There are some videos online, though we can’t confirm their accuracy.
Q: How often do ‘smart’ meters pulse?
One thing that has been revealed by people who’ve tracked “smart” meter pulses: they are highly variable. Other descriptors: unpredictable, random, very erratic, and even bizarre. One EMF consultant has told us that it is impossible to extract meaningful conclusions about the fields created by the pulses.
PG&E’s own documents revealed last year that their meters pulse 10,000 times a day.
SF Chronicle article: http://blog.sfgate.com/energy/
The *median* was 10,000 pulses/day—that means half the meters emit MORE than this. The reason they didn’t use a different and more usual statistical figure–the average–is because it’s likely that figure would have been higher. The highest meter they measured emitted 190,000 pulses/day.
“Smart” meters seem to pulse a lot at certain times, and less at other times. PG&E for one says that data about the ratepayer’s electrical usage is only broadcast 6 times per day. Another PG&E executive told us “off the record” that at least 90% of the emissions from a “smart” meter are NOT user data, but mesh-network “chatter.” Those pulses have nothing to do with your home.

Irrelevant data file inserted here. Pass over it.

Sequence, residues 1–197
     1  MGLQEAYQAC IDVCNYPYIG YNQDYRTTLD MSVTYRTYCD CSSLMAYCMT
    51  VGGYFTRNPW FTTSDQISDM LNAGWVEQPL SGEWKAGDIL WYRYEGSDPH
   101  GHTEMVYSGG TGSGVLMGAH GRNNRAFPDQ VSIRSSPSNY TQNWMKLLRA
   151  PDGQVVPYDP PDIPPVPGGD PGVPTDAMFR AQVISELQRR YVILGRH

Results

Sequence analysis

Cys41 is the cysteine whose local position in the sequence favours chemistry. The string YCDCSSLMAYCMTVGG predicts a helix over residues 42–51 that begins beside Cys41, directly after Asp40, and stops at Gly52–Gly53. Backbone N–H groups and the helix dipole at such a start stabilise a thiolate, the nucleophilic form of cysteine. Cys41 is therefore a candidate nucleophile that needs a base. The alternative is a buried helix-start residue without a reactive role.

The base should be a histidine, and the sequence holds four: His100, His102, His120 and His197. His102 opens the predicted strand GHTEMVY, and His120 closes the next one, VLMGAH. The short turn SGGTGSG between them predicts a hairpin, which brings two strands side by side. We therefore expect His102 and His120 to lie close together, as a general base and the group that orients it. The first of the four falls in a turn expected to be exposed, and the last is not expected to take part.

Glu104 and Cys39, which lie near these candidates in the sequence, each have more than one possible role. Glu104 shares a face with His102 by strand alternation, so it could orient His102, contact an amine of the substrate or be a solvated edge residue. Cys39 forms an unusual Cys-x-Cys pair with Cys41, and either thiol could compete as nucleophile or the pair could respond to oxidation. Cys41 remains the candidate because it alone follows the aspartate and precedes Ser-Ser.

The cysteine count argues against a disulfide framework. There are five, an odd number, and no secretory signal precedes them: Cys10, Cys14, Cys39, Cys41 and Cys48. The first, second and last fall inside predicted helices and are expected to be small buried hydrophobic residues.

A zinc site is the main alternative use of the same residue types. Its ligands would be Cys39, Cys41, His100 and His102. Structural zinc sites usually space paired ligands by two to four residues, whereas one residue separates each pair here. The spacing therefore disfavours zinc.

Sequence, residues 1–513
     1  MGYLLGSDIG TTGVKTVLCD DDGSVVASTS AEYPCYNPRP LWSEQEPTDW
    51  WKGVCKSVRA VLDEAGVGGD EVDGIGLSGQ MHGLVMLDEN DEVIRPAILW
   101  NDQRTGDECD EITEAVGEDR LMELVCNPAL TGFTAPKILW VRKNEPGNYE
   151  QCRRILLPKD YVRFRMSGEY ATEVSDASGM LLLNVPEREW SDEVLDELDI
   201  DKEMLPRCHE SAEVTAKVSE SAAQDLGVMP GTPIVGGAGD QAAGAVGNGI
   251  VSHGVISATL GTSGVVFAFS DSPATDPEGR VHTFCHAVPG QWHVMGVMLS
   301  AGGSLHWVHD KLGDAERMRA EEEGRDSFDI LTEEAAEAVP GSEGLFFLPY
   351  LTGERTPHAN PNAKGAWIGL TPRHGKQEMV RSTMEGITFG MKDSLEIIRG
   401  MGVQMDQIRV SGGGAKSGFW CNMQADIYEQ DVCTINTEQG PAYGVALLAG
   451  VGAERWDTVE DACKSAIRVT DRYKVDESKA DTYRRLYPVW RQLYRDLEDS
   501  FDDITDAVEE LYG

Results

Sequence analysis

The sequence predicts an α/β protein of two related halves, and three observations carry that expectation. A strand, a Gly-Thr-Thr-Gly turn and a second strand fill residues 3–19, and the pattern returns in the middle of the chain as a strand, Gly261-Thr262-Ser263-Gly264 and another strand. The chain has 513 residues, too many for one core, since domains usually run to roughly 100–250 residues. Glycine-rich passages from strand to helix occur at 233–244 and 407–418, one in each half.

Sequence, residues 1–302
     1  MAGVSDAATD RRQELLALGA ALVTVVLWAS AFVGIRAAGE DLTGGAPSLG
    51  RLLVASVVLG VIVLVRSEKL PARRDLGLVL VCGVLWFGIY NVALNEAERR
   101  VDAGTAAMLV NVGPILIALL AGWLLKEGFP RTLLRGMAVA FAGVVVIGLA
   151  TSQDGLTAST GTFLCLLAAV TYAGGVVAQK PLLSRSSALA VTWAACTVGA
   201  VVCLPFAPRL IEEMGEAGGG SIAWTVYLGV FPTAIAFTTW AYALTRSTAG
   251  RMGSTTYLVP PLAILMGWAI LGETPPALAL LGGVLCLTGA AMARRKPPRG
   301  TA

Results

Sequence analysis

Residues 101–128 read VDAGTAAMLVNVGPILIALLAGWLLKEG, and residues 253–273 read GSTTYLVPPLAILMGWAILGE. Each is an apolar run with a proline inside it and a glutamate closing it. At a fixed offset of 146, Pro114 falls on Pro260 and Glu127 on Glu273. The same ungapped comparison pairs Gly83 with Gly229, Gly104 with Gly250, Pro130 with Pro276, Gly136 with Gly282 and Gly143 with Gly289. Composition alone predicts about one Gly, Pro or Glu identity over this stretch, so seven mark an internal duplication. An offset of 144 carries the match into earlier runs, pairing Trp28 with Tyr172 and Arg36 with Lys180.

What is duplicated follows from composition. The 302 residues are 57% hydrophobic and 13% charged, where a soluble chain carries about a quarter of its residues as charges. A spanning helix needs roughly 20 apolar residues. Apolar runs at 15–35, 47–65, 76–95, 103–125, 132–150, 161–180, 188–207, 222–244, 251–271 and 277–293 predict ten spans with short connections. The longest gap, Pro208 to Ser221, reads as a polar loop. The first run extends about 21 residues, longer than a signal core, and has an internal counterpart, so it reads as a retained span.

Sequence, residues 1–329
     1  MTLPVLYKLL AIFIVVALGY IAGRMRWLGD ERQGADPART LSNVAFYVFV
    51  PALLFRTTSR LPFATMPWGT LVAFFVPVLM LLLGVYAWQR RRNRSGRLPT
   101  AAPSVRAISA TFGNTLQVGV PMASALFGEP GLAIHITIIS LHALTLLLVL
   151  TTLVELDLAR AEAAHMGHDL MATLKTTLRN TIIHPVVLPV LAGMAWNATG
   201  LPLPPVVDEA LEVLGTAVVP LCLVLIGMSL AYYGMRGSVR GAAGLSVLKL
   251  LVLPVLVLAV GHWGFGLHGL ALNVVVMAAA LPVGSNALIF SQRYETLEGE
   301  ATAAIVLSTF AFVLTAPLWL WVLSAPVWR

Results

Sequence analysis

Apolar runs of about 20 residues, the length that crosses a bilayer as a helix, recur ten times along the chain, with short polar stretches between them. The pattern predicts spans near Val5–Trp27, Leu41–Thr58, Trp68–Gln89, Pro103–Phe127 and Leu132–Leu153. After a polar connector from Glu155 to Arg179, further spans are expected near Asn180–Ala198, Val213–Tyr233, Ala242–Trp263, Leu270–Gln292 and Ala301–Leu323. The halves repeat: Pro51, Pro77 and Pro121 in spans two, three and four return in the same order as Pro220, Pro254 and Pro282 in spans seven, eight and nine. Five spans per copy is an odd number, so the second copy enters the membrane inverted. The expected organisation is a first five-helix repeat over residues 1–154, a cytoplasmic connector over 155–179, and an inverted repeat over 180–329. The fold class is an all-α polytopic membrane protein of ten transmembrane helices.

If you are wondering about meters in used by other utilities, consider this: If they claim the meter only emits “60 seconds a day”, then you can calculate the approximate number of pulses. Sixty seconds of of 3-millisecond pulses (typical) equals about 20,000 pulses. There about 85,000 seconds in a day. If the rate of pulsing were consistent (though it never is) that would be about one pulse every 4 seconds, for the whole 24 hours Depending on the rate of pulsing, the meter is very likely to be emitting something during most of the day.
Q: Why is RF radiation bad for people (and animals and plants)?
The effects of low-level non-thermal exposure to radio-frequency microwaves has been studied since the 1950s. A range of subtle effects have been identified over the decades, from an auditory sensation to infertility to sleep disturbance to irregularities in the heart rhythm, depending on exposure type, level, and duration. See the links page (under construction) for more information about RF science.